I stopped making eye contact with people when I started realizing that eye contact initiated comments. I realized that the same tactic my father taught me when I was little of not making contact with pamphleteers and crazy people worked, about 50% of the time, for men. Normally, men don't try to grab me and cart me away when eye contact occurs (though the bar scene wasn't the first time that has happened, and it probably won't be the last); but the comments eye contact started to elicit when I was about 12 haven't exactly been pleasant.
Twelve was how old I was the first time I was cat called. I remember it vividly. I was walking downtown to the library to drop off some books and pick up some new ones. I was walking past the soft serve ice cream shop, and a guy in a pick up truck asked if I wanted to suck his dick. I really didn't.
I also didn't go anywhere alone again that summer. If I wanted to go to the library, I bribed one of my friends into walking with me or I waited until someone could drive me. The next summer, I biked more. But that didn't stop passersby from honking or shouting at me, and I still preferred to go places in tandem.
Going somewhere with someone else, by the way, doesn't stop street harassment. My walking/biking companion didn't stop the honks, the shouts, the "hey baby"s, the requests that I sit on, suck, lick, "take", fuck, etc. guys' dicks. What it did do was provide another warrior. It allowed for a better sense of bravado. It took away some of the vulnerability.
Just this weekend, I was Hey Baby'd while I was out with a friend. On the scale of cat calling, this was admittedly low. However, my friend was seemingly horrified, and said the guy was creepy. "No", I corrected him. "That guy's a creep. He's not creepy."
I've dealt with creepy. Creepy doesn't shout "Hey, baby" from 5 feet away. Creepy is the security systems guy who gave me a slow thrice over and then leaned way in to ask my chest if I was the new secretary. Creepy is the old man who asked me to teach him how to dance, and who, after I refused, continued to come around to dance with me and my friends, and then leaned in to tell me that I looked sad and should try to smile more. Creepy is the guy at the bar who grabbed me. Creepy is the guy who pulled me around the video store when I was 14, talking to me about his ex-girlfriend and trying to get me further and further to the back of the store (in that instance, I nearly garroted my best friend with her hoodie in my insistence she not leave me alone with Creepy 20-Something). Creepy is the guys who come up to me and make sexual comments when I'm trying to pump my gas.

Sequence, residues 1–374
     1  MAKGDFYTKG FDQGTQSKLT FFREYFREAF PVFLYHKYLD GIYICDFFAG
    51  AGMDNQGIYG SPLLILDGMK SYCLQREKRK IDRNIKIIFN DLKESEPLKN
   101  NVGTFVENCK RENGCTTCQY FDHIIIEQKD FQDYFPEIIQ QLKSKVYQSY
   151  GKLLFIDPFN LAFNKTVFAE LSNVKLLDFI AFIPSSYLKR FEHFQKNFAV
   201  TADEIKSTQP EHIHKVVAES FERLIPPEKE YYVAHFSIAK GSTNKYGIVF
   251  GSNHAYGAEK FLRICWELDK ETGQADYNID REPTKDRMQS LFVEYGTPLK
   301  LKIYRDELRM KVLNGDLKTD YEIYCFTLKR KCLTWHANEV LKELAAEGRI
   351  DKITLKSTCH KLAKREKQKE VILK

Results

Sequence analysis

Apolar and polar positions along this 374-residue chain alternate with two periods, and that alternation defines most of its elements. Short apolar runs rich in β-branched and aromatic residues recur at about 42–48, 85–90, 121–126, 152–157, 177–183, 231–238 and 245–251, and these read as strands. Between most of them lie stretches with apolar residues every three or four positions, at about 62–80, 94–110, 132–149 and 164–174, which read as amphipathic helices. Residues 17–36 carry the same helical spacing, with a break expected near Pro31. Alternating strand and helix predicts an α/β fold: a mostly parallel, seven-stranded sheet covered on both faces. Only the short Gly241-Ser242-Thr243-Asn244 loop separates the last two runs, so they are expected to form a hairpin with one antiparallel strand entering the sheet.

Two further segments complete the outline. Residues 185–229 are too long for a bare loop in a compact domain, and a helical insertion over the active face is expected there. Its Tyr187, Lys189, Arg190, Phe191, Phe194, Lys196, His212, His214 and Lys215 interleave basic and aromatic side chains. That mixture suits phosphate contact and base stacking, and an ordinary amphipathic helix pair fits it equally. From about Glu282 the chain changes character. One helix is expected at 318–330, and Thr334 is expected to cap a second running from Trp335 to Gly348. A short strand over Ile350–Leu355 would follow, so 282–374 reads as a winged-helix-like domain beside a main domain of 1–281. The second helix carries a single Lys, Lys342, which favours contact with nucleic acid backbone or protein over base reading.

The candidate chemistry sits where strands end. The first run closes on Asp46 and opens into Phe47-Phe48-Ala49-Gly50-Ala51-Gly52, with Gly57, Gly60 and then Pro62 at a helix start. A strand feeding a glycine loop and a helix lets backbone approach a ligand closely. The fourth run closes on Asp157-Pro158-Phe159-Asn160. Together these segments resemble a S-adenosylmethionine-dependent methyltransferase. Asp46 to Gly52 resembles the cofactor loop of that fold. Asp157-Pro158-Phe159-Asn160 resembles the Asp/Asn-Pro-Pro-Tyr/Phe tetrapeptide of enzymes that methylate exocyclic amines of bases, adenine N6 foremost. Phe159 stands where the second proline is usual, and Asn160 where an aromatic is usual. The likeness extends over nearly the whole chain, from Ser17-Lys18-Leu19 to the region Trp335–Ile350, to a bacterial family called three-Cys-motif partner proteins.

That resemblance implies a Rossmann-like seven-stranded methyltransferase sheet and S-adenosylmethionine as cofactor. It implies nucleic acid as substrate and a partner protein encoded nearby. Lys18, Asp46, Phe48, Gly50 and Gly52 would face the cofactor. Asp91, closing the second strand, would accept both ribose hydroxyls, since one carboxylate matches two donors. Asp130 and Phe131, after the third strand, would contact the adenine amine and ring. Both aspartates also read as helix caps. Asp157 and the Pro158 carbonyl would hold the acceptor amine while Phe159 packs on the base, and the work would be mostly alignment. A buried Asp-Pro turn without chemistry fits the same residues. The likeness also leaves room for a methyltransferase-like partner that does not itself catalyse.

When I first heard of Rape Culture, probably early on in college, I was put off. "I'm not one of those feminists", I thought. "That kind of thing is what gives feminism a bad name." But more and more, it occurs to me that the changes I make in my behavior in order to not be cat called, to not be subjected to dehumanizing harassment, is a product of a culture that does make it so men can ask 12 year olds, jokingly or not, to suck their dicks.